I believe strongly that the salvation of our world (including the church) lies in our relationship to indigenous people around the world. What might this mean for Christian theology? If salvation, in some sense, lies beyond the church (perhaps in order for the church to reclaim her own tradition), what does that mean for how we understand what Jesus did and who the church is? I believe that Jesus birth, life, work, death and resurrection is good news for people that are marginalized and oppressed. Indigenous people are marginalized in a way that seems fundamentally different than others. They have been an obstacle in the way of progress and civilization. Now that we are reaching some of the limits of this project, indigenous people provide an alternative possibility for how to live in the world with each other and with nature.

Small Is Beautiful: Urban vs. Rural

I read an article from the Guardian that asked “Which is greener urban or rural living?” Treehugger also picked up the conversation, and the consensus seemed to be that urban life was clearly greener. In the city you often don’t need a car. You live in smaller housing units in tall buildings that take up less space. You have more options for consumer products that are environmentally friendly, organic or otherwise more sustainably produced. There were a few commenters that didn’t want to just throw out the benefits of rural living, but no one really seemed to think rural living could be greener.

I read the whole conversation in light of the section in E.F. Schumacher’s Small is Beautiful on development. Schumacher addressed the mentality of much development work which still continues today.

Before we can talk about giving aid, we must have something to give. We do not have thousands of poverty stricken villages in our country; so what do we know about effective methods of self-help in such circumstances? The beginning of wisdom is the admission of one’s own lack of knowledge. As long as we think we know, when in fact we do not, we shall continue to go to the poor and demonstrate to them all the marvellous things they could do if they were already rich. (199)

This could also be applied to this way of thinking about whether urban or rural living is greener. Environmentalism has its own unspoken creed containing dogmas that often remain unquestioned and uncritically swallowed and regurgitated. There are certain assumptions about what is “greener” that attempt to slip the premise by us. One of those is the divide between rural and urban.

Yet it remains an unalterable truth that, just as a sound mind depends on a sound body, so the health of the cities depends on the health of rural areas. The cities, with all their wealth, are merely secondary producers, while primary production, the precondition of all economic life, takes place in the countryside. (203)

This dualism between urban and rural is and always has been a fiction. This was one of the most stunning thoughts for me in reading this book. It is only more relevant as the world continues to urbanize and face the same problems of Schumacher’s time (the book was first published in 1975) on an ever increasing scale.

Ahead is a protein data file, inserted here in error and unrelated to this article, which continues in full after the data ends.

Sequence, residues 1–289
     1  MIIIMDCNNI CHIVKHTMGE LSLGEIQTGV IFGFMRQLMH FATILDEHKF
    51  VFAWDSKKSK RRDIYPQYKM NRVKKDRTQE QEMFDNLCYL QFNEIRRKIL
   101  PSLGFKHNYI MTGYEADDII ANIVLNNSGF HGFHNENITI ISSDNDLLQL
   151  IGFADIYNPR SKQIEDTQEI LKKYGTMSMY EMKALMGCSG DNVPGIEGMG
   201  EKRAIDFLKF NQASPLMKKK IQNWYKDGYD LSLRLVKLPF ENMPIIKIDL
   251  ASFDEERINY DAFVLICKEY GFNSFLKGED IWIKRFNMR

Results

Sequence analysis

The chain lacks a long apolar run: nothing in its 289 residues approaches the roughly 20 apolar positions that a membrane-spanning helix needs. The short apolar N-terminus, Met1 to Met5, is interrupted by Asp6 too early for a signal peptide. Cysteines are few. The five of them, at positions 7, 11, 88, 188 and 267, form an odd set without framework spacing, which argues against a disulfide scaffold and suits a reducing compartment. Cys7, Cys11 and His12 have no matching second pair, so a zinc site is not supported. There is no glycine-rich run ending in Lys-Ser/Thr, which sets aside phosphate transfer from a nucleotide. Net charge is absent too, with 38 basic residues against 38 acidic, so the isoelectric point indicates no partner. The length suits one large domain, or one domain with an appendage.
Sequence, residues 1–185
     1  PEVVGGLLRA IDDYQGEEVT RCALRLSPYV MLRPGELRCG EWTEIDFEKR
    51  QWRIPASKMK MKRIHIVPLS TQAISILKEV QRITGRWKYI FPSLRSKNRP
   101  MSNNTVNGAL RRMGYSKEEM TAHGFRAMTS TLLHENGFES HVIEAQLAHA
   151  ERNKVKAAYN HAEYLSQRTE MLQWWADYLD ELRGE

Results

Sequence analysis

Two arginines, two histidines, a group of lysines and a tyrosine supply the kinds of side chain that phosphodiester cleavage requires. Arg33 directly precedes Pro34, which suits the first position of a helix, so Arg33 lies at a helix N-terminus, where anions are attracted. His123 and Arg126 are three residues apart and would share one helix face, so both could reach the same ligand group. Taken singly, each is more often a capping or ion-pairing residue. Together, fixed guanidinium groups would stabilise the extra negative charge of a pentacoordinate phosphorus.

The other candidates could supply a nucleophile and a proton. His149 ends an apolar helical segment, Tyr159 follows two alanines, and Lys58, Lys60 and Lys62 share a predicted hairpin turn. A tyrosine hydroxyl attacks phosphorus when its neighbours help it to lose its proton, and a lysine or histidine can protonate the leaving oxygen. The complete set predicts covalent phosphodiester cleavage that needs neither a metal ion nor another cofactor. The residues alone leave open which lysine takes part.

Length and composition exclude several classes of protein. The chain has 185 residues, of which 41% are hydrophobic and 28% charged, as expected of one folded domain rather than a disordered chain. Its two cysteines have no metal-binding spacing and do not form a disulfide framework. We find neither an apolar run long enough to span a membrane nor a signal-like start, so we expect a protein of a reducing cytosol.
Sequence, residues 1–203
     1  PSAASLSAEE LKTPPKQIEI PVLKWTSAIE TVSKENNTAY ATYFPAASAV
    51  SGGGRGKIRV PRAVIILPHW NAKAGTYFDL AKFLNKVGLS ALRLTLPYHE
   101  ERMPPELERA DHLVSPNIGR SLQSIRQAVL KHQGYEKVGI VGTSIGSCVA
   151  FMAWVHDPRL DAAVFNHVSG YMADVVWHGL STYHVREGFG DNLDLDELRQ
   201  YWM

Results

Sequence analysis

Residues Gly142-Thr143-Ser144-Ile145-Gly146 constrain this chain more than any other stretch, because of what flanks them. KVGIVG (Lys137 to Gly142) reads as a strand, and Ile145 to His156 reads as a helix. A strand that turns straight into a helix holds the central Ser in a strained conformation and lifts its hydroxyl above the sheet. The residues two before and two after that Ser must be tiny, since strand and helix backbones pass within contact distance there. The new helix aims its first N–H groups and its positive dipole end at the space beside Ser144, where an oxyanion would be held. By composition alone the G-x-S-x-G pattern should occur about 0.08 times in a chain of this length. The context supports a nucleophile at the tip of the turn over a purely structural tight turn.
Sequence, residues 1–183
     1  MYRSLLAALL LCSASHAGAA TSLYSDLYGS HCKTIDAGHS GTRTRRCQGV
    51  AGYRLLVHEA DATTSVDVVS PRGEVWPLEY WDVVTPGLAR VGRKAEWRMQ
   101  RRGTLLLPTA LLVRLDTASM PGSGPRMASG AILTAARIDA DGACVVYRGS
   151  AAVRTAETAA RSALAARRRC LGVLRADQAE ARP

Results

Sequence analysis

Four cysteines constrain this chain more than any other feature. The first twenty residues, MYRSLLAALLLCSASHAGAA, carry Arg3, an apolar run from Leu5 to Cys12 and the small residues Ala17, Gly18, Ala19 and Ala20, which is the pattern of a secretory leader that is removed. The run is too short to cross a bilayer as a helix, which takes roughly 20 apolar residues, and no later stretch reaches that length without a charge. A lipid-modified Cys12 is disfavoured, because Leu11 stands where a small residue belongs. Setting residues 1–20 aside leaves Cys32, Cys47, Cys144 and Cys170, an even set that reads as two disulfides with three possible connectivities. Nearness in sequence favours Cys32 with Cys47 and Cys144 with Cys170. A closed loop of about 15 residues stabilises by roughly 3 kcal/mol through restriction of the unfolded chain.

When Schumacher wrote Small is Beautiful the majority of people still lived in rural areas. Therefore, he argued, we should be putting as much, if not more, emphasis on rural development. That is not what happened. The emphasis on urban development made cities much more attractive places than the increasingly difficult life in rural areas. This drove migration to the cities and the increasing urbanization that continues today. The UN predicts that 70% of the world population will live in cities by the year 2050 and we have just recently crossed the 50% mark (I don’t have a link, but I think it was in a recent State of the World report from the UN). Urban development can’t keep up with the needs of all the rural people migrating to cities as rural economies tank. Yet, the opportunities are better in the cities. Thus we end up with the massive slums that seemed to pop up overnight around Manila, Buenos Aires, Mexico City and all the major urban centers in the “developing” world.

Yet, what is our answer for this problem of urbanization? It is to create better cities that can handle the increase in population, instead of creating rural development that makes it possible for people to stay in rural areas. What the question about whether urban or rural living is greener fails to address is the continuing, dynamic relationship between these two sectors. It’s also evident when we try defining these two terms that they are not very clear. What size community should be considered rural? At what point does a city transition from being rural to urban? 20,000? 50,000? 100,000?

Derrick Jensen defines cities as “a collection of people living in numbers large enough to require the importation of resources” (from a YouTube video on his book Endgame). This definition means that our definition of “urban” will be relatively small compared to the largest cities in the world. However, it does account for what the discussion of how green urban living is neglects. While certain metrics make urban living appear greener, because of the economies of scale, it does not account for the dependence on outside resources to sustain the “greener” urban way of life.

Unless you are living off of your urban/community garden, the majority of your food, no matter how organic or sustainably produced, must come from somewhere else. Likewise for all the other products no matter how organic or sustainably produced that you consume in a city. All of the water you use is imported from elsewhere, as well as the coal, oil and/or natural gas you use to use electricity, drive your car, cook and heat your studio apartment. Another quote from Derrick Jensen undermines the kind of thinking that makes urban living seem “green”.